IRS Form 1040 changes include where you report capital gains

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The 2021 tax season has started. When you dig into your tax return to report income for 2020, you will notice that Form 1040 has changed again. In 2018, the IRS dramatically condensed Form 1040, completely reorganizing the previous traditional version and introduced additional schedules that funnel information to Form 1040. Although the IRS has not changed Form 1040 2020 in such a way. drastically, there are some differences from last year’s form that you need to know.

Below, I explain the main tax reporting topics that may apply to executives and employees who earn income from stock compensation, such as stock options, share units. ‘restricted stock or an employee stock purchase plan (ESPP) or who have earnings from the sale of company stock. .

The changes at a glance

  • After being condensed to just 24 lines in 2018, the IRS Form 1040 for 2020 expanded to 38 lines.
  • The new lines include those for Recovery Rebate Credit and for estimated tax payments, sometimes made by taxpayers who have equity compensation.
  • The total capital gain or loss from Schedule D is shown on a separate line on Form 1040.
  • The totals from Schedule 2 and Schedule 3 are entered on different lines of Form 1040. This applies to anyone with incentive stock options (ISO) which triggered the alternative minimum tax (AMT).
  • For non-employees, such as outside directors receiving equity grants, income is now reported on IRS Form 1099-NEC, not Form 1099-MISC

Capital gain or loss

If you sold shares in the 2020 tax year, you enter each sale on Form 8949 and report the total on Schedule D. You now report that total from Schedule D on Line 7 of Form 1040.

This was moved from line 6 on the 2019 form, making it the third consecutive year of capital gains reporting changed on the 1040 form.

Alternative minimum tax

A concern for anyone with ISOs, the Alternative Minimum Tax (AMT) is calculated on Form 6251. The difference to the ISO exercise, when the shares are held throughout the calendar year of exercise, is reported on line 2i.

When the ISO stock that triggered the alternative minimum tax is sold, the difference to the regular tax is reported on line 2k. You enter your calculation from Form 6251 on line 1 of Form 1040 Annex 2 (“Tax”). You attach Form 6251 to Schedule 2. The totals for Part I of Schedule 2 go to line 17 of Form 1040. This has changed from line 12b of Form 2019.

the AMT credit that is generated for an ISO exercise that triggers AMT is retrieved by Form 8801, Like in the past. The amount from line 25 of Form 8801 is entered in Annex 3 (“Non-refundable credits”) on line 6 (tick the box b). Totals from Part I of Schedule 3 go to line 20 of Form 1040. This has changed from line 13b of Form 2019.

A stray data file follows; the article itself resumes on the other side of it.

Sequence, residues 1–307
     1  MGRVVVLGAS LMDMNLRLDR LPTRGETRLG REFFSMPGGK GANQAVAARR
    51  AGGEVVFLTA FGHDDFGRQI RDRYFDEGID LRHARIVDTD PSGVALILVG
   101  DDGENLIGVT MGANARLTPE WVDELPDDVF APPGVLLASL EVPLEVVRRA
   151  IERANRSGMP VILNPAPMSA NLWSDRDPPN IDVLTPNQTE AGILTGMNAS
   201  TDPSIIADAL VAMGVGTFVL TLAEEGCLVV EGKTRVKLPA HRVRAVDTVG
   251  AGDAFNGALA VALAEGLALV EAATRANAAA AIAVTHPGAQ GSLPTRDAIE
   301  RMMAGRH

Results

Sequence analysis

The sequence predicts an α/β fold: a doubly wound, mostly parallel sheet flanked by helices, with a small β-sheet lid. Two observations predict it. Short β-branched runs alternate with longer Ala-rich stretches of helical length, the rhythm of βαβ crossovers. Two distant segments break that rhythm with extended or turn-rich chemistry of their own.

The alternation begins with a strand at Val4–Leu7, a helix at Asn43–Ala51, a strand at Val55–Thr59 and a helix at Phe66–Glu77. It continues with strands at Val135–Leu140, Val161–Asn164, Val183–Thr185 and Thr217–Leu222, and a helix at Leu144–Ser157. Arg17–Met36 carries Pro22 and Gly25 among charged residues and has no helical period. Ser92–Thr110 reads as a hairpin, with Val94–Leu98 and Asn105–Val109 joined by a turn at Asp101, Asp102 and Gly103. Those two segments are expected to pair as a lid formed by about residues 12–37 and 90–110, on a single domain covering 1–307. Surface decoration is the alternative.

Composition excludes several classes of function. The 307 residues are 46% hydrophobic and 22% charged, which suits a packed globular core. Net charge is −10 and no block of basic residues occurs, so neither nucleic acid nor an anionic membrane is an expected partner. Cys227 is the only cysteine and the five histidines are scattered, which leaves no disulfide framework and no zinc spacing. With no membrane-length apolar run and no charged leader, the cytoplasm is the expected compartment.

Recovery rebate credit

To mitigate the economic impact of the pandemic, Congress provided two stimulus checks / economic impact payments that were based on income from 2019 tax returns (or 2018 if your 2019 return was not available for the first check). The amount received for the first check and / or the second payment is phased out on the basis of the previous year’s income.

Due to peaks in income from stock compensation over the past few years, you may not have qualified for this federal assistance, even though you were laid off or on leave in 2020. If that is yours Instead, you can claim the recovery refund credit on line 30 of Form 1040.

Another good news is that you don’t have any clawback from the stimulus checks you received, if your 2020 income is higher than in the past, perhaps (again) because of the stock compensation or stocks you sold after your company went public. See Form 1040 instructions for the recovery reimbursement credit worksheet. If you have received IRS Notice 1444 (“Your Economic Impact Payment”) for the first stimulus check or IRS Notice 1444-B for the second, have them available when you complete the worksheet to perform the calculation.

Estimated taxes

The federal package additional hold that applies to stock-based compensation, such as the acquisition of restricted shares or RSUs (22% and 37% for amounts over $ 1 million), may not cover the actual taxes you owe depending on your marginal tax rate. You may then have paid estimated taxes. On the 2020 1040 form, estimated tax payments are now reported on line 26. This differs from last year, when they were reported on Schedule 3.

Cost Based Reporting Rules for Share Sales

For stock sales, there is still no change in the IRS rules on how the cost basis information is reported on Form 1099-B and Form 8949. For grants awarded in 2014 and subsequent years, brokers are prohibited from including equity compensation income (which appears in Box 1 on Form W-2) as part of the base cost reported on Form 1099-B. This creates confusion and complications when it comes to tax reporting, as only the cost of exercise (i.e. what you paid for the shares) appears on the 1099-B. To avoid the risk of paying too much tax, you must make an adjustment on Form 8949.

This means that for Restricted Shares / RSUs, the base price reported on Form 1099-B is zero or the box is left blank. However, the correct cost basis is the value of the shares at the time of acquisition. This is what you must report on Form 8949.

Additional tax reporting resources

For advice on filing income tax for stock compensation and sales of company shares, including annotated diagrams of Form W-2, Form 8949, Schedule D, Form 3921, and Form 3922, see Tax Center on myStockOptions.com.

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